Behind every great coach is a person that they originally learned it from. For Arizona’s Jay Johnson, it is University of San Diego Toreros head coach Rich Hill.
Hill gave Johnson his first-ever D-1 job, hiring him as an assistant prior to the 2006 season. Johnson then spent the next eight seasons under Hill, learning the ins and outs of being a head coach at the highest of levels in college baseball after one year as the head man at NAIA Point Loma Nazarene.
Even though it’s been three years since Johnson coached under Hill, their bond still runs deep, talking a couple of times a week throughout the season and constantly texting according to USD's head coach.
"I had 359 text messages, but I made one phone call," Johnson said of the state of his phone after advancing to the College World Series. "And (Hill) was the one phone call that I made. We had a good conversation. He left me an awesome text, and I just wanted to say thank you."
"I was ecstatic," Hill said of his emotions when Cesar Salazar hit the game-winning hit over MSU. "I was screaming in my hotel room ‘They did it, they did it’. I was pretty emotionally overwhelmed."
"I could hear it in his voice almost like disbelief," Hill added about his conversation with Johnson after the game. "That’s the holy grail you know. That’s the pinnacle of our profession, and I could just hear in his voice how proud he was of his team and his players, and it really came through."
Johnson attributes all of the success he has had in the past three seasons, including this postseason run with the Wildcats, to his former boss.
"There’s nobody outside of my dad that’s had a bigger impact on me," he stated. "And the reason Arizona baseball was able to do this this year, the reason Nevada did what it did last year, I owe him a lot for that."
"Jay is like my son, best friend, nephew, all in one," Hill added. "That’s how close we are and how special he is. I was just so happy for him. It’s a bond that you can't really describe."
Upon returning to Tucson, Johnson said he couldn’t have expected this to happen in year one. But his mentor had more belief in him.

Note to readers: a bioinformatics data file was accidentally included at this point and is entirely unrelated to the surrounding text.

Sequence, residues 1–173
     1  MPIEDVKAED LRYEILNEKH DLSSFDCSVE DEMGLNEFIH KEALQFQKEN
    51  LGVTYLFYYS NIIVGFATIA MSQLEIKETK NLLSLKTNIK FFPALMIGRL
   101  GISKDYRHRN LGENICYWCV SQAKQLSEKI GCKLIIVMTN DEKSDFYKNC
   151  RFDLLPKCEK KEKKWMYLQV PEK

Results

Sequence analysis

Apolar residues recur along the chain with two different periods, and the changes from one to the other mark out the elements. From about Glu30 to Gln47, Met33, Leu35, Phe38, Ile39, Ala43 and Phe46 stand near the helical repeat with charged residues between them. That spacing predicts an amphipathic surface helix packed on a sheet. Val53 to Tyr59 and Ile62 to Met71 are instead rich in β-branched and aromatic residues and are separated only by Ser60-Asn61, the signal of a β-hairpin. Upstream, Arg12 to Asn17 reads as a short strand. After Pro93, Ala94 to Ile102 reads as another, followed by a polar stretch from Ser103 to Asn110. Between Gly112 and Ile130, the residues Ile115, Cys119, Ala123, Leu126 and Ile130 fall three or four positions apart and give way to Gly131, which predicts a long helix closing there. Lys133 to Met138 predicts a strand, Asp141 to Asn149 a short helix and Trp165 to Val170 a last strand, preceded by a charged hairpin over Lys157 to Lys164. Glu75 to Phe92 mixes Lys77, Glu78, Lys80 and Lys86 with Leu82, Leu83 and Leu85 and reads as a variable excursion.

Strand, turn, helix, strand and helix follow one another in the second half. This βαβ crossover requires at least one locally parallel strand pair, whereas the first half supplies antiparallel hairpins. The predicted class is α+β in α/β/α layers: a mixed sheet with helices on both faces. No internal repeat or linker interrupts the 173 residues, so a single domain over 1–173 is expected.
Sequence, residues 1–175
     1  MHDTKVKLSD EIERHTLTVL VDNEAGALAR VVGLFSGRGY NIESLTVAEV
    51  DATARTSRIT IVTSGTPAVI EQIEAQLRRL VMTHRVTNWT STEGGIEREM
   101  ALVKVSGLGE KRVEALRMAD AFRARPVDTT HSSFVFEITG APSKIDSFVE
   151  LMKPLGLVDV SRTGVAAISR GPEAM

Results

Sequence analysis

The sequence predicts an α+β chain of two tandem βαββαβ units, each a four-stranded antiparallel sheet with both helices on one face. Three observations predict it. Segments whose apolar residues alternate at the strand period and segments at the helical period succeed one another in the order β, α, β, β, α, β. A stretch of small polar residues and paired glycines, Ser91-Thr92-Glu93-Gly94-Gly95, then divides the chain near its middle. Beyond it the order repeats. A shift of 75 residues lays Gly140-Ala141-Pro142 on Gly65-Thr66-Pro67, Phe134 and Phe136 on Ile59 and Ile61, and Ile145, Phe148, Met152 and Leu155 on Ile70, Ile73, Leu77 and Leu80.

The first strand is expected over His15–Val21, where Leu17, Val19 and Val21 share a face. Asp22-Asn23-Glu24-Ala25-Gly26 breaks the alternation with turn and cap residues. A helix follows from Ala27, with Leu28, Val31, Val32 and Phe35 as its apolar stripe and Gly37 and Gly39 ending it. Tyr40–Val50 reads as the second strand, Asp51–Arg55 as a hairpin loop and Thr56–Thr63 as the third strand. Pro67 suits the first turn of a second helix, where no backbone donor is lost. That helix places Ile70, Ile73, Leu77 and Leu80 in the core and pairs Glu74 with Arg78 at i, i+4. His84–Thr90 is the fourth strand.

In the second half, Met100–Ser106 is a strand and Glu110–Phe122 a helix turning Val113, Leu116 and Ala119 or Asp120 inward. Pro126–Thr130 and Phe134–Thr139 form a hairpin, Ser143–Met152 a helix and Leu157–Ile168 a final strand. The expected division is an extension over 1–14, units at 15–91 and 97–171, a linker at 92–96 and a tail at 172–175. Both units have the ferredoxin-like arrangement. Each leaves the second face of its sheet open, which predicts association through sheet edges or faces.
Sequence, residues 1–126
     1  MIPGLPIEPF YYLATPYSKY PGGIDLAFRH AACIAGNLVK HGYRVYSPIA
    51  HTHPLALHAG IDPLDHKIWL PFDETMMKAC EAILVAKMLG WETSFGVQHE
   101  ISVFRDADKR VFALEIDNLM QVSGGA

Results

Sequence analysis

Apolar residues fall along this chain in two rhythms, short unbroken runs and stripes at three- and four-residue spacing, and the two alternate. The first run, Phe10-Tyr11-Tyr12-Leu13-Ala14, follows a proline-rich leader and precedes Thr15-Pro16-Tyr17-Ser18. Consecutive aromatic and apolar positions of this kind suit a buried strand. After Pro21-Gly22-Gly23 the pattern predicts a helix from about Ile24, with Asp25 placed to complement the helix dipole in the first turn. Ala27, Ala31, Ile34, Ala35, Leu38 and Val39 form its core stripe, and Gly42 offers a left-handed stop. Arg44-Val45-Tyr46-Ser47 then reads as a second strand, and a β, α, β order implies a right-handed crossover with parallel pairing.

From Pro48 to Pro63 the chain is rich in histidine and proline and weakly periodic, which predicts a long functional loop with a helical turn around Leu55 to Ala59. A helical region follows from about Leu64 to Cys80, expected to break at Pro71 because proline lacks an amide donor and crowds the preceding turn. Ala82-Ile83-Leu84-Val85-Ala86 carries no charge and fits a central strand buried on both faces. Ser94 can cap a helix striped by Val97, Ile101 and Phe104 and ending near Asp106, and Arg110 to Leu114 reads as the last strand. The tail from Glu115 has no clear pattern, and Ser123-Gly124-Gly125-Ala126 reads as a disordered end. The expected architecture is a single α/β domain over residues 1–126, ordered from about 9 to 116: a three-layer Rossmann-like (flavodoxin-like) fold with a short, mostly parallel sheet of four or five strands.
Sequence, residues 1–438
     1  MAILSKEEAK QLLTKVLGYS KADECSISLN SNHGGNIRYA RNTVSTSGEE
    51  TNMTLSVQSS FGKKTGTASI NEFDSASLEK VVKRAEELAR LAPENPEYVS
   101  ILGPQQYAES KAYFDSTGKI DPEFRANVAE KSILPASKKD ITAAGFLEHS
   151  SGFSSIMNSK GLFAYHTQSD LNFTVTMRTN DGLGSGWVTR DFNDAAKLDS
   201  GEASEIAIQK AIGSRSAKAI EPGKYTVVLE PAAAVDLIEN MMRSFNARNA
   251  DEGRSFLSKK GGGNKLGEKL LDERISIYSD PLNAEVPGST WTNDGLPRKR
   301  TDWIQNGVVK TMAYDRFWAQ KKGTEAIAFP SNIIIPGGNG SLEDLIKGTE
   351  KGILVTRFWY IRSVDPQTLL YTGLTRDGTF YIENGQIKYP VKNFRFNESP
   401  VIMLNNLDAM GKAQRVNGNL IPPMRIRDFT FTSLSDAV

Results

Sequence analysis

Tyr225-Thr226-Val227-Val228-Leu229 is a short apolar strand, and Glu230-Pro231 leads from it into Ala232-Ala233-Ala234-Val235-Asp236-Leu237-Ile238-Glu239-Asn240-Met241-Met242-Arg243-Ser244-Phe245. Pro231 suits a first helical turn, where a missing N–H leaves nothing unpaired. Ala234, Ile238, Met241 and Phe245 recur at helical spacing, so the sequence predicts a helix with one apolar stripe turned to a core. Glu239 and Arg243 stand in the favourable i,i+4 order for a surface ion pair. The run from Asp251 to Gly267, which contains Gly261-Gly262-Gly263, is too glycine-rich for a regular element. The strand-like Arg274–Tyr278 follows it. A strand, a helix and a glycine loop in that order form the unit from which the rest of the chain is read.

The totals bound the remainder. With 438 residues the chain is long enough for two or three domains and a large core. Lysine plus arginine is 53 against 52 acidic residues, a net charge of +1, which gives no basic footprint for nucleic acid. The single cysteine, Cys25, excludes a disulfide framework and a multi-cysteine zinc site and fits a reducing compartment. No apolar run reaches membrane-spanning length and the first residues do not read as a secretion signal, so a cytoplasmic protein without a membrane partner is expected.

"I know how special the guy is, and what a great leader he is, and how much of an inspiration he is to young people," Hill explained. "He’s one of those guys where anything is possible. Our conversations throughout the year revolved around how much he liked being around his players and his coaches, and maybe he could do something special."
Hill had several former assistants make the NCAA Tournament this season. St. Mary’s head coach Eric Valenzuela and Washington head coach Lindsay Meggs joined Johnson there, while former USD assistant Brian Green led New Mexico State to a regular season WAC Championship.
"That’s the reward," Hill said of a year that San Diego finished with a disappointing record of 27-29. "But to see those two guys in particular, Jay and Eric, it’s just an overwhelming sense of pride. I don’t know that you could really ask for anything more."
So will Hill go to Omaha and experience this overwhelming sense of pride in person over the course of the next week?
"I’ve thought about it," Hill answered. "There’s so much going on, I might. I don’t want to take anything away from Jay. Like I said, it would be a proud moment for me walking in. If I do, I’ll walk in the stands, get a seat in the upper deck, just kinda watch Jay jog out to third base and have that proud moment like I do when I have a player that first makes the big leagues. I’d just by my own ticket, have a personal moment for me."
"I might do that but probably not," he continued. "There’s too much work to be done here (laughing). Right now I'm staring at the Pacific Ocean in La Jolla, checking the surf and trying to pick a set. I've got a few hours before I go check out a game. Probably not the same thing that the head coach at Arizona’s doing. It’s just all about recruiting right now. We had a bit of a down year so it’s kind of a bit of a full-court press."
But in typical Coach Hill fashion, his concerns about his program are outweighed by what is coming for his former assistant and great friend this week in Omaha.
"You got a good one there boy."